All posts tagged: Han

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Introducing Living Otherwise

Changes are in store for the Art of Life in Chinese Central Asia thanks to a generous fellowship from the Simpson Center for the Humanities at the University of Washington. Not only have we moved from Beige Wind to a new site called Living Otherwise and transformed it into magazine-style repository, but we are also developing some new exciting larger-scale projects that highlight the arts and changing cultural systems of the city of Ürümchi and Northwest China more broadly. Over the next year we will be bringing you more long-form essays, such as the recently published piece “Ms. Munirä’s Wedding Gifts,” as well as interactive mapping projects and virtual exhibitions of Xinjiang arts and politics. The first of these larger scale projects is a multilinear photo essay titled “Living Otherwise: Buddhist Photography on the New Silk Road.” The project tells the story of Tian Lin, a Han settler and former monk, who has developed a meditative photo practice among Uyghur squatters in the city of Ürümchi and through this become a major figure in Xinjiang arts scene. …

Why are Uyghurs so Good at English?

Ever since Kasim Abdurehim, the founder of the private English school Atlan, took third place in the national English speaking contest in 2004, Uyghurs have found their way into the final rounds of almost every major English speaking competition in the nation. This year was no exception. The main difference is that now Uyghurs are learning how to be confident in their English ability at a younger age. It is because of people like Kasim and dozens of other award winning role models that kids like 14 year-old Tughluk Tursunjan feel confident on a national stage. Although Uyghurs represent less than one percent of China’s population, they still consistently beat Han contestants from the best schools in the country. Tughluk, who was this year’s winner of the Junior High School division of the “Outlook of Hope” contest on CCTV was taught by an English instructor named Nemo, a young Uyghur man who teaches at the Web English school in downtown Ürümchi. It was Nemo who coached him on how to speak with commanding gestures and …

The Story of the Production and Construction Corps

A rifle and sword tied together with a red flag over a meter of Gobi sand welcomes visitors to the Xinjiang Production and Construction Corps Museum in the city of Shihezi – 136 kilometers northwest of Ürümchi.  This museum, filled with patched and dented artifacts and hundreds of large scale historical photos, is the premiere monument to the Han experience of the recent past in Xinjiang. It shows us the narrative of experience necessary to understand the history of the people who self-identify as “constructors” (jianshezhe) of Xinjiang. The Bingtuan, as the Corps is referred to by locals, is a state-sponsored farm system that is spread across the territory of Xinjiang – an area as large as California, Nevada, Utah, Arizona, Colorado and New Mexico combined. Hundreds of regiments are still in operation 60 years after their founding. Out of this population of around 3 million military farmers, 90 percent are Han. The exhibition begins with giant images of people (at that point, in the early 1950s, mostly men) tilling the soil by yoking themselves …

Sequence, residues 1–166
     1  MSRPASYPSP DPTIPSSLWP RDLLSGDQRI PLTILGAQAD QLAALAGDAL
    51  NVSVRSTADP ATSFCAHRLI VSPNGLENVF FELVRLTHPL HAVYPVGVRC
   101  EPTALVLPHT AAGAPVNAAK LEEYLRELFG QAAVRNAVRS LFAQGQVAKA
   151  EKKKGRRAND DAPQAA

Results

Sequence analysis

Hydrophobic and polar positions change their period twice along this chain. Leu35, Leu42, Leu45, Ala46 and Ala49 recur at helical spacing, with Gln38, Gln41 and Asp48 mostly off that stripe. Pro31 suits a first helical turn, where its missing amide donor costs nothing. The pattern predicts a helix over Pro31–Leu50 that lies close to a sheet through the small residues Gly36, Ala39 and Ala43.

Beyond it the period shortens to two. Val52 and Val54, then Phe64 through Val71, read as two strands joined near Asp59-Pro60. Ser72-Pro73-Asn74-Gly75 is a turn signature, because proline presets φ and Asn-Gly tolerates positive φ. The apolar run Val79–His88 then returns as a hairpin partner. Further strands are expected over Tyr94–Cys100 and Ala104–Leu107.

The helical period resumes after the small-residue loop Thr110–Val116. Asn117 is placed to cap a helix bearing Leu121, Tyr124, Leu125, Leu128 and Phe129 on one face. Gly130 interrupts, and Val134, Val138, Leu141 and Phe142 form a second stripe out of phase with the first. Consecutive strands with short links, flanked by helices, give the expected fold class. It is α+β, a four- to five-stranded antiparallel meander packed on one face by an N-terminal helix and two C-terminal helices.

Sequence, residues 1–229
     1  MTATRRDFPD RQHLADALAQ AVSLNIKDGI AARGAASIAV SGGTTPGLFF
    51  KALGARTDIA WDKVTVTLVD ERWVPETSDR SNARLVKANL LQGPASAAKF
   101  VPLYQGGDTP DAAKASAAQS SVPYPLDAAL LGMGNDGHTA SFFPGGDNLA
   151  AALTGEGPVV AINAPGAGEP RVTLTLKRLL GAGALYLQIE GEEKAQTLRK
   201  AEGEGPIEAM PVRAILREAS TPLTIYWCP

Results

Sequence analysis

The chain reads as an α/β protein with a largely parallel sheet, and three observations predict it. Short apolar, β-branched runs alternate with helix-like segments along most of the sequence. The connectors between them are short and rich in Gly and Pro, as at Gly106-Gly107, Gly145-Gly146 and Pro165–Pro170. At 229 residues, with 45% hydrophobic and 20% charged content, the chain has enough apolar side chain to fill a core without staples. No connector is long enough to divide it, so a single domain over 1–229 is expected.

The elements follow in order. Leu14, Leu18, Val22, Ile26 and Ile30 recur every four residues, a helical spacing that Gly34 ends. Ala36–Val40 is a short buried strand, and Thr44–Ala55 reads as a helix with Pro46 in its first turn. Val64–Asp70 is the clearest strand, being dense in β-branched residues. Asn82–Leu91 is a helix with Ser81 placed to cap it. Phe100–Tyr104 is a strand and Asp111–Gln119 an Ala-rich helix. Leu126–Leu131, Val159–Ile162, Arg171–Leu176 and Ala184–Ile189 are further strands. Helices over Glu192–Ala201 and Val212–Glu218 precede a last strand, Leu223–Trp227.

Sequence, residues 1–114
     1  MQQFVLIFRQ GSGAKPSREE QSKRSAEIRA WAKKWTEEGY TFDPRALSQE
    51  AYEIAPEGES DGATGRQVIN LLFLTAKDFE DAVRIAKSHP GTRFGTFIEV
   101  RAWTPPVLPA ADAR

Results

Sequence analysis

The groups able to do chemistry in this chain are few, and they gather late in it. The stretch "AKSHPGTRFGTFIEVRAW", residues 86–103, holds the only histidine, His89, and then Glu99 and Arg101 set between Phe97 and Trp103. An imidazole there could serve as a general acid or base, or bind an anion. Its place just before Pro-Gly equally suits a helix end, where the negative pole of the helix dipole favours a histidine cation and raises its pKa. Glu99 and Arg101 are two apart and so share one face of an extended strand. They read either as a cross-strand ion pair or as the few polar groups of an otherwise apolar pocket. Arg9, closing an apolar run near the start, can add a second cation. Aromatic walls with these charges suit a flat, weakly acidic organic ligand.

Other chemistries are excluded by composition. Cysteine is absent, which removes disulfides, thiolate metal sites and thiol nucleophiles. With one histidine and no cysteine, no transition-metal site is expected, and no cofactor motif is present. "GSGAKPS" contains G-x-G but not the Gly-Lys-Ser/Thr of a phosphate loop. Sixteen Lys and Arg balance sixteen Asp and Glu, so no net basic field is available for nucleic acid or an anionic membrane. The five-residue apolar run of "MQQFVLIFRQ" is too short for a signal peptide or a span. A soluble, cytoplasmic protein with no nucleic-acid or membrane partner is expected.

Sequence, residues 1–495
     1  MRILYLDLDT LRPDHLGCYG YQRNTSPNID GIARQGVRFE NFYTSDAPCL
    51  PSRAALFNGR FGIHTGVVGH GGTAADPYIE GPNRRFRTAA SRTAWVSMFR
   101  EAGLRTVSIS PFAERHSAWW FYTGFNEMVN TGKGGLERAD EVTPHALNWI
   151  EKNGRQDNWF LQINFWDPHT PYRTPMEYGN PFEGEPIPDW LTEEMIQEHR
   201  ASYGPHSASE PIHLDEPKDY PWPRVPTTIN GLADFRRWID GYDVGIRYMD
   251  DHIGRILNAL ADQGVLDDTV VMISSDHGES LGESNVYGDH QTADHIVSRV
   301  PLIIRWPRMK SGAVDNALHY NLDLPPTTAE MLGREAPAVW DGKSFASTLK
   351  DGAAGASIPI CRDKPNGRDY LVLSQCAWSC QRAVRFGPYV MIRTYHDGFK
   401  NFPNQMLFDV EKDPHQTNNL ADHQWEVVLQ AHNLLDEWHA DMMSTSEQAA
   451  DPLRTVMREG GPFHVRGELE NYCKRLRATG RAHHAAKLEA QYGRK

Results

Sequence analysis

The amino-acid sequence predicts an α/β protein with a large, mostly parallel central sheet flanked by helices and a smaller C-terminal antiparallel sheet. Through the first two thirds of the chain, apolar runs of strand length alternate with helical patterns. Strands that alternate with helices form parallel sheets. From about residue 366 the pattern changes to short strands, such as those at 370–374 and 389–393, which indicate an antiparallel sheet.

Hong Qi, the Uyghur Folksinger who grew up Han

The Uyghur Chinese musician and poet Hong Qi celebrated his forty-first birthday last May 6. He doesn’t know if that day was really his birthday. He said his mother just guessed. There is a lot that Hong Qi doesn’t know about his origins. He is one of those rare Uyghurs who grew up thinking he was Han. Hong Qi was born into a situation of extreme poverty. Hotan—the prefecture in the south of Xinjiang where he lived until age three—is the poorest prefecture in the nation. According to government statistics, in 2012 the average per capita income for the 2 million Uyghurs in Hotan was $183. Although he was born in a prefecture where the population was more than 90 percent Uyghur, Hong Qi didn’t realize he was Uyghur until he was 16. That was when his Han parents told him he was adopted. Like many military families in the Xinjiang Production and Construction Corps, Hong Qi moved a lot as a kid. He spent significant portions of his childhood in Ürümchi. He read a …